This comes via Xinhua. You’ll know that every year the US State Department publishes an international human rights report on countries around the world. This can have useful information, but also tends towards the tendentious, soft-soaping US allies with pretty dodgy records whilst hyping up the charges against countries Washington has a beef with. Well, those cheeky Chinese have taken it upon themselves to issue an official report on human rights in the United States. I know, you’ll be thinking that the Chinese government is probably not best placed to lecture anybody else, but someone has to do it, and there’s a certain poetic symmetry. A bit like the time Bob Mugabe offered to send election observers to Florida.

China Friday retorted U.S. criticism by publishing its own report on the U.S. human rights record.

“As in previous years, the (U.S.) reports are full of accusations of the human rights situation in more than 190 countries and regions including China, but turn a blind eye to, or dodge and even cover up rampant human rights abuses on its own territory,” said the Information Office of the State Council in its report on the U.S. human rights record.

The Human Rights Record of the United States in 2009 was in retaliation to the Country Reports on Human Rights Practices for 2009 issued by the U.S. Department of State on March 11.

The report is “prepared to help people around the world understand the real situation of human rights in the United States,” said the report.

The report reviewed the human rights record of the United States in 2009 from six perspectives: life, property and personal security; civil and political rights; economic, social and cultural rights; racial discrimination; rights of women and children; and the U.S.’ violation of human rights against other countries.

It criticized the United States for taking human rights as “a political instrument to interfere in other countries’ internal affairs, defame other nations’ image and seek its own strategic interests.”

China advised the U.S. government to draw lessons from the history, put itself in a correct position, strive to improve its own human rights conditions and rectify its acts in the human rights field.

This is the 11th consecutive year that the Information Office of China’s State Council has issued a human rights record of the United States to answer the U.S. State Department’s annual report.

“At a time when the world is suffering a serious human rights disaster caused by the U.S. subprime crisis-induced global financial crisis, the U.S. government still ignores its own serious human rights problems but revels in accusing other countries. It is really a pity,” the report said.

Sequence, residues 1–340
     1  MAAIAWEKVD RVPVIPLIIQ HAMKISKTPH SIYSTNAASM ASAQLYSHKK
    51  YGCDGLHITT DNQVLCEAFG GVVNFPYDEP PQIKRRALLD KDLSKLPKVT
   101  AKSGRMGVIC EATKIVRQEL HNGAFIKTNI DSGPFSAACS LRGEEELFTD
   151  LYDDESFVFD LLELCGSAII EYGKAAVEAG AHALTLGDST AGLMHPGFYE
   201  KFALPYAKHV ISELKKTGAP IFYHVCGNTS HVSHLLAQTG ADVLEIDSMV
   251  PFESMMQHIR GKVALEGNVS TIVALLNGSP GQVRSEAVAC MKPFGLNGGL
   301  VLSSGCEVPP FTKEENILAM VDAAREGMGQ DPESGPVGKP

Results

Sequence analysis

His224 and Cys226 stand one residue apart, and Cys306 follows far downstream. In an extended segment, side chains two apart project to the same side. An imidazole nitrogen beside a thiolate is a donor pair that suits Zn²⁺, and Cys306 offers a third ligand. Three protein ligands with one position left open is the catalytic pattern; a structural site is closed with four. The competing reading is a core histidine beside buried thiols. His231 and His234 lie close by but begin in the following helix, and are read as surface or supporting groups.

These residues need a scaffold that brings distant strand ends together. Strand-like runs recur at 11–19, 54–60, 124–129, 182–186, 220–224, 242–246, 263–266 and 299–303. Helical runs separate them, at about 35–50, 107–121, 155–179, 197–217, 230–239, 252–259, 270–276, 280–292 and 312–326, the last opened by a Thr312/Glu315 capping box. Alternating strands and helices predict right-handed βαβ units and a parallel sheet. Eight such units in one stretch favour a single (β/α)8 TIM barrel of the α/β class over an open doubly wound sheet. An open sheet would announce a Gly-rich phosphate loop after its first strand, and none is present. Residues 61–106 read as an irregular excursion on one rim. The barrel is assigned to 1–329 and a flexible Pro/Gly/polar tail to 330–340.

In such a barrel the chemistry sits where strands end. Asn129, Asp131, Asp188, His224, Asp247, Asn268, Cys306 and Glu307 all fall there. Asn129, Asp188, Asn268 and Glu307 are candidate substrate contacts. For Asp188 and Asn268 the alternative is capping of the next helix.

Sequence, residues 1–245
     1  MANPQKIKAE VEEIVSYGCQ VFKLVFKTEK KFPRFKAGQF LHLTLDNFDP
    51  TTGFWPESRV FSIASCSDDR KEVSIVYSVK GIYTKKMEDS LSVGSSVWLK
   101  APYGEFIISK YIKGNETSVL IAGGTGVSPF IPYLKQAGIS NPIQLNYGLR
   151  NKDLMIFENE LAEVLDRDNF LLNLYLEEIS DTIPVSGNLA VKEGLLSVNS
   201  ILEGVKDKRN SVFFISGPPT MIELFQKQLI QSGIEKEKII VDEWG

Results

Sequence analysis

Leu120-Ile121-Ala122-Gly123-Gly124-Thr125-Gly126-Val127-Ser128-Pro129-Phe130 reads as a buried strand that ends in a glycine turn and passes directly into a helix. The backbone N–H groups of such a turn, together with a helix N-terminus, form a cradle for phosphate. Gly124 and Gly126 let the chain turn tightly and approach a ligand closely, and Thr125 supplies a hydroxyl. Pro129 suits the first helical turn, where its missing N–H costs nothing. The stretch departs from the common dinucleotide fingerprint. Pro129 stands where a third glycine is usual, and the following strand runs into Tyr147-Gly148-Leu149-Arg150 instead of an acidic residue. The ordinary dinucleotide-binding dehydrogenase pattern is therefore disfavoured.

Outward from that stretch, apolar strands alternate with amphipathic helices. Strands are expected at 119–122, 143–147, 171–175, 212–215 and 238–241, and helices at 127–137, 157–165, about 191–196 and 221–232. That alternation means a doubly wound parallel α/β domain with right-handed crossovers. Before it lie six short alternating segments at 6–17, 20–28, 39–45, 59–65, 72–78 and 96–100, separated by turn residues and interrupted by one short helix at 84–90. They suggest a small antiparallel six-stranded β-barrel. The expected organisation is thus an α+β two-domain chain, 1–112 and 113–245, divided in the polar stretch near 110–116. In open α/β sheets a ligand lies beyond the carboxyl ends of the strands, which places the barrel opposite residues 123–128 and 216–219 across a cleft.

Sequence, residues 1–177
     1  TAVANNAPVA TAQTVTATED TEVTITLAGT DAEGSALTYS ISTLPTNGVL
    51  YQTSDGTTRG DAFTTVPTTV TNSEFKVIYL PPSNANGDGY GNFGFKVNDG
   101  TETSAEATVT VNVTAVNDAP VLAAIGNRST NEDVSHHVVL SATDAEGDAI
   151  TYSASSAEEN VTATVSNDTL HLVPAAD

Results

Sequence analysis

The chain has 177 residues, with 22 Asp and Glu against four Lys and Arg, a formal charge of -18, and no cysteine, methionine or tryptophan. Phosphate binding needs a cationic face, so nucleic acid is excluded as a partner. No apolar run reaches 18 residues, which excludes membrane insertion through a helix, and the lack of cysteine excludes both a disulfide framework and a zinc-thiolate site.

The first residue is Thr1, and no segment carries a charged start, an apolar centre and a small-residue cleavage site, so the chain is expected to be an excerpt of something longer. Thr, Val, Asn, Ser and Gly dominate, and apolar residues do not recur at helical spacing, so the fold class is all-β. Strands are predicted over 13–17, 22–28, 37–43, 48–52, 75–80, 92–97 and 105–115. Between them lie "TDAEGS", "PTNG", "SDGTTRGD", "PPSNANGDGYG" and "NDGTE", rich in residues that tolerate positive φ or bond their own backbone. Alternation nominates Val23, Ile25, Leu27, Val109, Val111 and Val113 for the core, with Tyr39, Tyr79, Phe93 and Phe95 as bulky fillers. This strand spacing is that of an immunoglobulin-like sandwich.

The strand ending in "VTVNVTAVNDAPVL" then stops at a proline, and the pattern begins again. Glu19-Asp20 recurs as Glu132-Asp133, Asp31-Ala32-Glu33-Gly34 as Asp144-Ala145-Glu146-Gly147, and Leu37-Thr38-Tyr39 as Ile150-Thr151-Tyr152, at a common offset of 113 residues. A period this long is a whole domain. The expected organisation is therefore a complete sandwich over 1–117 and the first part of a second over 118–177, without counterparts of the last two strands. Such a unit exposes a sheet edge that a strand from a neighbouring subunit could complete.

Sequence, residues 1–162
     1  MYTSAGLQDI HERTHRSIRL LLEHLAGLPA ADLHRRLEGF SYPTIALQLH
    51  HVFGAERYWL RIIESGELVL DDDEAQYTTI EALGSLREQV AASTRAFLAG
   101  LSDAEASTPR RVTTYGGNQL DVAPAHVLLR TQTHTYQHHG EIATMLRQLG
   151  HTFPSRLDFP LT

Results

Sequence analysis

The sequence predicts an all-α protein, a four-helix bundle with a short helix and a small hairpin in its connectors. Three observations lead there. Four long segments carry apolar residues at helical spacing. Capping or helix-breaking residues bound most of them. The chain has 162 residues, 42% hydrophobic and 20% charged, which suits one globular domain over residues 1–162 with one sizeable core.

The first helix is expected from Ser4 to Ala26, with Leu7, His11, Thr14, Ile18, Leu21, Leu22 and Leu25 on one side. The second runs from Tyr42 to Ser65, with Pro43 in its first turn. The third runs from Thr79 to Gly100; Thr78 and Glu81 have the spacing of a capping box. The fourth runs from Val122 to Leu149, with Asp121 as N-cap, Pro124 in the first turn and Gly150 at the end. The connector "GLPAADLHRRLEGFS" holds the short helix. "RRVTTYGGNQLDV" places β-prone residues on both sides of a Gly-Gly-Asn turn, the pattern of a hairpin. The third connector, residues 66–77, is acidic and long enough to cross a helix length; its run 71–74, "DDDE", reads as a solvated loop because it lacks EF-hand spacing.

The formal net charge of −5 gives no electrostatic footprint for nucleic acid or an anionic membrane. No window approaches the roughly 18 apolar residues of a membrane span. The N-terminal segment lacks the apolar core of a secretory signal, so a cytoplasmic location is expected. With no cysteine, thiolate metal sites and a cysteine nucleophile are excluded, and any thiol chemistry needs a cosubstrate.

Spying on citizens

While advocating “freedom of speech,” “freedom of the press” and “Internet freedom,” the U.S. government unscrupulously monitors and restricts the citizens’ rights to freedom when it comes to its own interests and needs, the report said.

The U.S. citizens’ freedom to access and distribute information is under strict supervision, it said.

According to media reports, the U.S. National Security Agency (NSA) started installing specialized eavesdropping equipment around the country to wiretap calls, faxes, and emails and collect domestic communications as early as 2001.

The wiretapping program was originally targeted at Arab-Americans, but soon grew to include other Americans.

After the September 11 attack, the U.S. government, in the name of anti-terrorism, authorized its intelligence authorities to hack into its citizens’ mail communications, and to monitor and erase any information that might threaten the U.S. national interests on the Internet through technical means, the report said.

Statistics showed that from 2002 to 2006, the FBI collected thousands of phones records of U.S. citizens through mails, notes and phone calls.

In September 2009, the country set up an Internet security supervision body, further worrying U.S. citizens that the U.S. government might use Internet security as an excuse to monitor and interfere with personal systems.

The so-called “freedom of the press” of the United States was in fact completely subordinate to its national interests, and was manipulated by the U.S. government, the report said.

At yearend 2009, the U.S. Congress passed a bill which imposed sanctions on several Arab satellite channels for broadcasting contents hostile to the U.S. and instigating violence.

Racial discrimination a chronic problem

Racial discrimination is still a chronic problem of the United States, the report said.

Black people and other minorities are the most impoverished groups in the United States.

According to a report issued by the U.S. Bureau of Census, the real median income for American households in 2008 was 50,303 U.S. dollars, but the median incomes of Hispanic and black households were roughly 68 percent and 61.6 percent of that of the non-Hispanic white households.

And the median income of minority groups was about 60 to 80 percent of that of majority groups under the same conditions of education and skill background, the report added.

Ethnic minorities have been subject to serious racial discrimination in employment and workplace, the report said.

Minority groups bear the brunt of the U.S. unemployment. According to news reports, the U.S. unemployment rate in October 2009 was 10.2 percent. The jobless rate of the U.S. African-Americans jumped to 15.7 percent, that of the Hispanic rose to 13.1 percent and that of the white was 9.5 percent, the USA Today reported.

The U.S. minority groups face discriminations in education. According to a report issued by the U.S. Bureau of Census, 33 percent of the non-Hispanic white has college degrees, proportion of the black was only 20 percent and Hispanic was 13 percent.